Family Court disqualifies Magistrate due to perception of bias
The wife successfully appealed the refusal by the Federal Magistrate to disqualify himself. His Honour stated, in refusing the application:
I do make clear that there was most certainly a personal and intimate relationship between [the wife’s] lawyer and myself, as well as the business relationship. That terminated in 2006. That is a matter, it would seem, of great interest to the legal profession of Parramatta …
It seems surprising that Federal Magistrate Harman did not excuse himself in light of the history:
- There had been a great deal of acrimony between Federal Magistrate Harman and the wife’s solicitor following the wife’s solicitor leaving the legal practice in which they had both worked;
- Federal Magistrate Harman had complained about the wife’s solicitor to the Legal Services Commission and the NSW Law Society
- In 2009, about a year prior to his appointment, Federal Magistrate Harman forwarded an “extraordinary” email denigrating the wife’s solicitor to 17 legal practitioners and alleging an extra-marital affair between them;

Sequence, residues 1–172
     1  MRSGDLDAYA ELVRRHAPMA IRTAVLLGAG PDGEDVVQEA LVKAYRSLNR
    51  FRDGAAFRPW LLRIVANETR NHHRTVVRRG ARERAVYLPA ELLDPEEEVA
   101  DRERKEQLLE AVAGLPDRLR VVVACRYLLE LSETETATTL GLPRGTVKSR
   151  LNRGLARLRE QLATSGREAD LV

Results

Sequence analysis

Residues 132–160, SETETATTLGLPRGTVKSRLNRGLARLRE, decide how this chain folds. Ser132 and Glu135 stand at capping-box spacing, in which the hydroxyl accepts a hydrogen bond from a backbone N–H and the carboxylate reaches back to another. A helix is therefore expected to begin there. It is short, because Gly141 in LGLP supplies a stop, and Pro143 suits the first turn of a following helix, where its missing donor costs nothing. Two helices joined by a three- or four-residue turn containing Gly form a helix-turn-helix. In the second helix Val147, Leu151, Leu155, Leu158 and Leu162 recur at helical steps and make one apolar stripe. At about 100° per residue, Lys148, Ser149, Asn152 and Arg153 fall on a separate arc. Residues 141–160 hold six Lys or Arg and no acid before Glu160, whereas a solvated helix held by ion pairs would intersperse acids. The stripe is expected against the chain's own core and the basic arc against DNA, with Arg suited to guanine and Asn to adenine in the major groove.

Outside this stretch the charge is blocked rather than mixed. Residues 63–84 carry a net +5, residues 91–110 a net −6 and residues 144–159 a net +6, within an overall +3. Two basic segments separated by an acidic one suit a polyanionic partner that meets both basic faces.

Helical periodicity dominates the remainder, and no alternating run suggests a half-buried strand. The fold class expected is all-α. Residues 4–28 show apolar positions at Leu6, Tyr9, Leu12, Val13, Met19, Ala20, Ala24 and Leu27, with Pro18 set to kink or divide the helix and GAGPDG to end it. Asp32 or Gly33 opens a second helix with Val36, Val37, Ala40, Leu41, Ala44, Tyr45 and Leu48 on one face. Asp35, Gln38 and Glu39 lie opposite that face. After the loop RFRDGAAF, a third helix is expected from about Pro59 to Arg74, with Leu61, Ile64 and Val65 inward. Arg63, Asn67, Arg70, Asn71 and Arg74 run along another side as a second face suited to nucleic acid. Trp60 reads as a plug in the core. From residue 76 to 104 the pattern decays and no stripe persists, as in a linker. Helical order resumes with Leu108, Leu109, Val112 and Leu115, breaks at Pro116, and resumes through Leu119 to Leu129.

- In 2010 Federal Magistrate Harman made certain remarks in another matter about the wife’s solicitor upon the litigant advising the court that she intended to instruct the wife’s solicitor;
- In a separate matter in 2010 Federal Magistrate Harman had indicated that he would refer any practitioner who renewed an application for disqualification for disciplinary investigation;
- In November 2010 his Honour “rushed” to deliver an ex-tempore judgment in circumstances where the matter was not listed for hearing and did not permit the parties to participate in the hearing.
The Full Court stated:
This is one of the extreme cases where, as a result of the circumstances of the association between the Federal Magistrate and the wife’ssolicitor, the Federal Magistrate might not bring an impartial and unprejudiced mind to the resolution of the question he is required to decide.
We would add that once it is accepted that a subsisting marriage, or other ongoing intimate relationship or association between a judicial officer and a lawyer is a disqualifying factor, it must also be accepted that once a marriage or similar relationship or association has broken down, that disqualifying factor must remain, at least for a reasonable period. This must be so because of the acrimony that so often follows such a breakdown, as a lay observer would well understand.
What is a reasonable period for disqualification following the cessation of an intimate relationship will be determined on a case by case basis and having regard to the perceptions of the hypothetical lay observer. In this case the uncomplimentary email sent by the Federal Magistrate only 15 months earlier clearly fell within the time-frame in which a relationship, albeit one of hostility, not closeness, existed.